National Transportation Officials Guidelines for Streets for Business Recovery, Walking, Biking during COVID

Dear City Council, TAB, Jane, Tom and Transportation staff:

We wanted to make sure you’ve seen the excellent new publication “Streets for Pandemic Response and Recovery” from NACTO, the National Association of City Transportation Officials, of which Boulder is a member. It captures emerging practices from cities across the U.S. and around the world and it could be very helpful as Boulder looks to reallocate street space to support equitable and environmentally sound economic recovery. Of particular interest are the guidelines for “slow streets” on pp. 22-23. Guidance for sidewalks, curbside delivery and outdoor dining are also included. These lessons from other cities that are moving quickly could be very useful in Boulder. In particular, they may help staff overcome concerns about technical requirements and legal and liability issues.

The Pedestrian and Bicycle Information Center (PBIC), which is funded through the Federal Highway Administration and the National Highway Traffic Safety Administration, is also supporting street closures to promote social distancing. They created a database that lists over 521 actions being taken by cities in the US and world-wide to make walking, biking and social distancing safer during the pandemic.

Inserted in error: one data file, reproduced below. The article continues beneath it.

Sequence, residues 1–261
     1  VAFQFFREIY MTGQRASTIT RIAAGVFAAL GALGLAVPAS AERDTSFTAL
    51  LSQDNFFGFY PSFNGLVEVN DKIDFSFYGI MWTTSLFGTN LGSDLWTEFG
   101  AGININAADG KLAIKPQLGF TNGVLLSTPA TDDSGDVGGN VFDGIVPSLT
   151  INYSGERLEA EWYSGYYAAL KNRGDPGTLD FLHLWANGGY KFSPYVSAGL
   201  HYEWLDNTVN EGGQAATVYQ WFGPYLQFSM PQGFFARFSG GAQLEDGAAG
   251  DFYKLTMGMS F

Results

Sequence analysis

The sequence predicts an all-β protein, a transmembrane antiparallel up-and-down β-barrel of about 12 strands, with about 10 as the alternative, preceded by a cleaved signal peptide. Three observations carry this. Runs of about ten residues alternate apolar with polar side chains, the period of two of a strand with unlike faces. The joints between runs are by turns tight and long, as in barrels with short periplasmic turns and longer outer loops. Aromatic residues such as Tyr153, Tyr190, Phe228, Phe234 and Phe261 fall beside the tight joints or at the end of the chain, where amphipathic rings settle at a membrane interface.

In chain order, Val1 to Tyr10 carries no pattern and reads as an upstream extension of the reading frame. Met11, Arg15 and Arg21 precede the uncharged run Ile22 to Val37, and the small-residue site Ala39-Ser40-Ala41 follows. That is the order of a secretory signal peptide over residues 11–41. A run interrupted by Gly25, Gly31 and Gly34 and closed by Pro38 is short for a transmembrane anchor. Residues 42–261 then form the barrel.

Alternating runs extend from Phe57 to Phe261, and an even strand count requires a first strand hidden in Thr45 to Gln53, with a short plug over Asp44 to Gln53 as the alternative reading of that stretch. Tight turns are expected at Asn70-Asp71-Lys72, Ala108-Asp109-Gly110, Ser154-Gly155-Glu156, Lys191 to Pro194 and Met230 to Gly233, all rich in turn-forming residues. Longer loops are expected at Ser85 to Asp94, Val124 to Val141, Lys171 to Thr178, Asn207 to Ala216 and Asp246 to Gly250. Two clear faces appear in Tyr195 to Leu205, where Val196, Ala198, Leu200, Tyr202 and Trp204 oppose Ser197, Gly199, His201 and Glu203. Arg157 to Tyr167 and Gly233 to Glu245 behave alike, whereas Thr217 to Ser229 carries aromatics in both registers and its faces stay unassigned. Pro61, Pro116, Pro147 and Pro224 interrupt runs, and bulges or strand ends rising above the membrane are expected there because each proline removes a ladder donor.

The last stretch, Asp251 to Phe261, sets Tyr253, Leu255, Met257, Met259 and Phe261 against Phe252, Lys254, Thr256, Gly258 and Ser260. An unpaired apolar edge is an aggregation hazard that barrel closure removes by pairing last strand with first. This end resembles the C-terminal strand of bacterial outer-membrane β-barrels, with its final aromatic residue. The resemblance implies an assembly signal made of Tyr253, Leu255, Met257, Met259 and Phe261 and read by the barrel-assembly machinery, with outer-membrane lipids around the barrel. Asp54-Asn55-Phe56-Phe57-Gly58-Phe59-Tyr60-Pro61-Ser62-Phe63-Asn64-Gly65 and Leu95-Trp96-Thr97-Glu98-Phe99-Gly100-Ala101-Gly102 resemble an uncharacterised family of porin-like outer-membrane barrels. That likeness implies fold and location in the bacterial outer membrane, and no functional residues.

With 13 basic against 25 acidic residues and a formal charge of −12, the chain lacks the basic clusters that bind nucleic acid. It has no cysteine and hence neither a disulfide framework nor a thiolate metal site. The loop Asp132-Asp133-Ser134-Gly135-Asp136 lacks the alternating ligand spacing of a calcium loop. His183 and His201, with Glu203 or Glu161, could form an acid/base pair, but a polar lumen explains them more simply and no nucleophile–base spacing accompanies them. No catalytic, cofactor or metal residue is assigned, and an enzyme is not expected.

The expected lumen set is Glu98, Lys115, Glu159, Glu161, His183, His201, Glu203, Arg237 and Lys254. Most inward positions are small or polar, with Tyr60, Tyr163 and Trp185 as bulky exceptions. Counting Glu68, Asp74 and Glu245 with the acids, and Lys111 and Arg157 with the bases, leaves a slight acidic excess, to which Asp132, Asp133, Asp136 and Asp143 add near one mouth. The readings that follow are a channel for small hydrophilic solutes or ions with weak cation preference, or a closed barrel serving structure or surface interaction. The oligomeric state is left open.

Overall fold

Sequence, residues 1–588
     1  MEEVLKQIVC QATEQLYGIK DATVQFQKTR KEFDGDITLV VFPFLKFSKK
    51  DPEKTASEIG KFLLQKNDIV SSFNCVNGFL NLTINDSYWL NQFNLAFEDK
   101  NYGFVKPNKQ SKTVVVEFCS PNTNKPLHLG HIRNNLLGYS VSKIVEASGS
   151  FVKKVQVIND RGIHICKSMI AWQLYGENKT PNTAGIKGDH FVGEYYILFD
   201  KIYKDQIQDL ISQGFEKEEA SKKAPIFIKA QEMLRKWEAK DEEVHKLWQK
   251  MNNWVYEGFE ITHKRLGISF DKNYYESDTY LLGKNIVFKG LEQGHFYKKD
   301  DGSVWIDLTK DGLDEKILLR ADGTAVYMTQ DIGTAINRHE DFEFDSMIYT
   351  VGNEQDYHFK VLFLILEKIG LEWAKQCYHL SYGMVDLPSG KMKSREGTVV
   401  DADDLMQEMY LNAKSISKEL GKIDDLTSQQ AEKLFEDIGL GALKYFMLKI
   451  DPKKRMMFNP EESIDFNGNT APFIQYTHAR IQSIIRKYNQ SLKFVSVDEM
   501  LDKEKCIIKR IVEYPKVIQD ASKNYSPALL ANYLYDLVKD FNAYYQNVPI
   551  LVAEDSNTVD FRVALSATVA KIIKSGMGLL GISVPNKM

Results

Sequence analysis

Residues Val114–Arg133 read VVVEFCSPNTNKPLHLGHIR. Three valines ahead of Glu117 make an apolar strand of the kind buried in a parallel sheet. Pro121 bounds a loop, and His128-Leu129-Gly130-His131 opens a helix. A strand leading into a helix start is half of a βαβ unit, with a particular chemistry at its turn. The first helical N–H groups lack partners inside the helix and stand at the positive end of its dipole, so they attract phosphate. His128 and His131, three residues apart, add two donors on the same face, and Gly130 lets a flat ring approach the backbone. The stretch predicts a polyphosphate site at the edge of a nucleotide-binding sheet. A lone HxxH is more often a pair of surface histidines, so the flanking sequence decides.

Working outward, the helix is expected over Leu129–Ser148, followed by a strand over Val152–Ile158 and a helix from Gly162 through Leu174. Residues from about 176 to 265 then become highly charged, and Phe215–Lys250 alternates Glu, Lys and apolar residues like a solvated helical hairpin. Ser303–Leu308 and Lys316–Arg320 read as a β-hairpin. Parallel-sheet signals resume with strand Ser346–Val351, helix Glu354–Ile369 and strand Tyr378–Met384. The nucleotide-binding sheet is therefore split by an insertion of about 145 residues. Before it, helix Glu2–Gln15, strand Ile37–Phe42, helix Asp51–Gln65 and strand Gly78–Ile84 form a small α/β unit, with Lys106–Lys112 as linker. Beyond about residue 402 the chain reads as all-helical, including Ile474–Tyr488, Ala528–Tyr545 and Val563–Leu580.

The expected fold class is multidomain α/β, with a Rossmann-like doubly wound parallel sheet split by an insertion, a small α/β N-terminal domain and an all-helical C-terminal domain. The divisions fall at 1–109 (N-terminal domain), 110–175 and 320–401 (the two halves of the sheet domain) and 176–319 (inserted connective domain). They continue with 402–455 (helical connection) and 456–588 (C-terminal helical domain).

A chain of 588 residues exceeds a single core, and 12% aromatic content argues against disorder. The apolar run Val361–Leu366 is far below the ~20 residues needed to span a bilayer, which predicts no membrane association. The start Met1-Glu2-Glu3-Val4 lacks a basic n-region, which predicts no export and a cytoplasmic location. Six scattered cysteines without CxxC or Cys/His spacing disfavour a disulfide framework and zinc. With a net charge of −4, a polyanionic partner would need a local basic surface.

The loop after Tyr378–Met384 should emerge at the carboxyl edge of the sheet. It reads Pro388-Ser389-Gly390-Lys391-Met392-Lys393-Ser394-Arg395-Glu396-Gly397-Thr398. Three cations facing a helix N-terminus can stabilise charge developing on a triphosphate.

You will see cities similar to Boulder, such as Madison, WI and Burlington, VT, that have created “slow streets” for bicyclists and pedestrians. You will also see slow streets in places that wouldn’t be thought of as progressive on transportation issues, such as Nashville, Kansas City, and Salt Lake City among many, many others. Of note, Portland, OR has opened its Neighborhood Green Streets to local, emergency and delivery traffic only.

You will also note that NACTO, PBIC and countless cities’ legal departments have signed off on simple and inexpensive barricade and street closure methods. All these municipalities are bound by the same rules as Boulder. We are calling around to different cities to check with their legal departments to see how they were able to approve a greater variety of barricades. As we do that we’ll leave you with a photo of the barricades in Seattle, on a street that looks like Boulder, that was approved with a “very thorough vetting” from the Seattle city attorney’s office.

Thank you for your service to keep people safe and our community healthy and successful during this pandemic.

Community Cycles Advocacy Committee

Attachment: “Streets for Pandemic Response and Recovery” National Association of City Transportation Officials

Link to Updated NACTO Guidance

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